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!standard 10.2.1(2)          20-12-08 AI12-0417-1/01
!standard 10.2.1(3)
!standard 10.2.1(4)
!class Amendment 20-12-08
!status Amendment 1-2012 21-01-21
!status ARG Approved 16-0-0 21-01-20
!status work item 20-12-08
!status received 20-09-29
!priority Low
!difficulty Easy
!subject Make categorization pragmas obsolescent
!summary
Obsolesce categorization pragmas, and make the aspects the primary definition.
!problem
Various AIs, culminating in AI12-0414-1, have replaced all categorization pragmas in the RM with categorization aspects. Ada 2012 already replaced and obsolesced most of the other pragmas that apply to entities.
However, the categorization pragmas are still defined as the primary definition of that concept. It's not obvious from the current wording that one can use these categorizations as aspects.
!proposal
(See Summary.)
!wording
** TBD **
[Editor's note: I didn't work out the detailed wording changes, as they should be fairly obvious, and I didn't want to spend the time until we've discussed whether to do this at all.
Note that we need to change both 10.2.1 and E.2 if we do this, as well as create one or more new J.15 subclauses.
John also raised the interesting question of whether we still need the definitions of "program unit pragmas" and "library unit pragmas" in 10.1.5, or whether that too should move to Annex J. I haven't checked if any of these still remain in the core or annexes.]
!discussion
Pragma Preelaborable_Initialization has already made the trip to Annex J. It makes sense for the related Preelaboration and Pure pragmas to follow.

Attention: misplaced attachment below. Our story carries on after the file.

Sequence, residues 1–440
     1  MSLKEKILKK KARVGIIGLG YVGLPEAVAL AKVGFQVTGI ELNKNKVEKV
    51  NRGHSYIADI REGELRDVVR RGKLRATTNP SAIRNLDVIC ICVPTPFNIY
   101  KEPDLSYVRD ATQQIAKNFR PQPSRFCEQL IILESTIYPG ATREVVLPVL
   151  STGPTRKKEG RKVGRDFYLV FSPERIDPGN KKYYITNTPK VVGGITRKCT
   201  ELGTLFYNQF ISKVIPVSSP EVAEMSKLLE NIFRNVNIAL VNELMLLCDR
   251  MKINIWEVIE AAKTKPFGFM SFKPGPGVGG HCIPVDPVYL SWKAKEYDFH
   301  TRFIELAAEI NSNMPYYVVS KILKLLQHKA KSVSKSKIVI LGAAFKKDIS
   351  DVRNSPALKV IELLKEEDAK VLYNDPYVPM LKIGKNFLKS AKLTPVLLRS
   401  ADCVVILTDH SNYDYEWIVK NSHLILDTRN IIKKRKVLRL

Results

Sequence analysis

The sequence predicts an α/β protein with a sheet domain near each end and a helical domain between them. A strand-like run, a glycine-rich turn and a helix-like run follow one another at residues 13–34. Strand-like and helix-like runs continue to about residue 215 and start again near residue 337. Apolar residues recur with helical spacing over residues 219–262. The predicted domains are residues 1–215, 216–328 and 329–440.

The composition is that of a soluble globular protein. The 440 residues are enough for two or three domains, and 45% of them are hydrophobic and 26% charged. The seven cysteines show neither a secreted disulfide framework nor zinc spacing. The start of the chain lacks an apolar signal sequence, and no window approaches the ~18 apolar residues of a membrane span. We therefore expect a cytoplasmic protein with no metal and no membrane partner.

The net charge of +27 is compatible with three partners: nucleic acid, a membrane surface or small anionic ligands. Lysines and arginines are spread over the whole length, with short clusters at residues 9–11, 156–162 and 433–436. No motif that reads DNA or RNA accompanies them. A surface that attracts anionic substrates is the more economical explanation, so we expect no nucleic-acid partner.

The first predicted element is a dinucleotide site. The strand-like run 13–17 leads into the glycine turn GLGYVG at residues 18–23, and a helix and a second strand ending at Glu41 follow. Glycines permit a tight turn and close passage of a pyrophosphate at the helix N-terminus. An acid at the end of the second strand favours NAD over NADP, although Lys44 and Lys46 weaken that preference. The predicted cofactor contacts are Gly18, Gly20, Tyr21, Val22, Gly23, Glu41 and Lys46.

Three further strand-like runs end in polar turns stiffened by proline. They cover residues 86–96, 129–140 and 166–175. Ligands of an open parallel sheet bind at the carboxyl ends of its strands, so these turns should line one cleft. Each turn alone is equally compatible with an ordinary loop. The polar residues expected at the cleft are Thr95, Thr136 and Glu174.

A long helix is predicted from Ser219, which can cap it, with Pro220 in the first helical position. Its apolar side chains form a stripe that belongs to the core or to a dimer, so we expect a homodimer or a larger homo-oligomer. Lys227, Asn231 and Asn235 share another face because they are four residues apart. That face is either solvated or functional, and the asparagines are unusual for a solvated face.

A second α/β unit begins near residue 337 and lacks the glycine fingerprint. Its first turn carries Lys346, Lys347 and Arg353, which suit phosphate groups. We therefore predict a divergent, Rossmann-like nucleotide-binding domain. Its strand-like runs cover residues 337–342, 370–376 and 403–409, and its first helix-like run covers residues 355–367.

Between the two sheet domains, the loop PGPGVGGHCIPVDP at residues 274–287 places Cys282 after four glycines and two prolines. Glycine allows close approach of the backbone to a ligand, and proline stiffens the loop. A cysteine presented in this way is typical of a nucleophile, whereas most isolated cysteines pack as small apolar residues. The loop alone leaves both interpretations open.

This is really a presentation change. There is no (required) effect on implementations of this change. It is implementation-defined whether No_Obsolescent_Features applies to obsolescent pragmas, so an implementation does not even need to change the implementation of that restriction (it can if it wants, of course).
!ASIS
No ASIS effect.
!ACATS test
No ACATS tests are needed. (It is implementation-defined whether No_Obsolescent_Features applies to obsolescent pragmas, and thus it is not usefully testable.)
!appendix

From the AARM Review of John Barnes.

10.2.1  Elaboration Control

I thought that the description was going to be changed so that aspects such as 
Pure would usually be set by an aspect rather than a pragma. It seems topsy 
turvy therefore to introduce pragmas such as Pure here still. Should we not 
be introducing the concepts here and the use of aspects and then the pragmas 
themselves should be in an annex? A lot of predefined units now show 
preelaborate in a list of aspects (when adding nonblocking I think). Eg 
Ada.Tags.

It seems quite hard to deduce that indeed a unit can be declared Pure by 
writing

package Pig
       with Pure is

I believe that it was thought that I was against using Pure as in

package Ada 
     with Pure is
end Ada;

What I disliked is the juxataposition is end. It occurs in 
System.Atomic_Operations in C.6.1. Never mind.

It also occurs with generic signatures. I grumble about it on page 496 of 
my book.

I don't think it could happen in Ada 83. It might have happened with tasks 
that had no entries, but the abbreviation

task T;

rather than

task T is
end T;

was introduced. And of course Ada 83 did not have children so a Package 
without any subprograms was a bit pointless.

Anyway, enough of this ranting, I will turn to Exceptions.

---

Earlier:

10.1.5               I am surprised that there are no changes in the 
discussion on pragmas. It is probably OK since this discusses only 
certain pragmas and not pragmas as a whole. Maybe there should be a 
cross reference to the use of pragmas for setting aspects.

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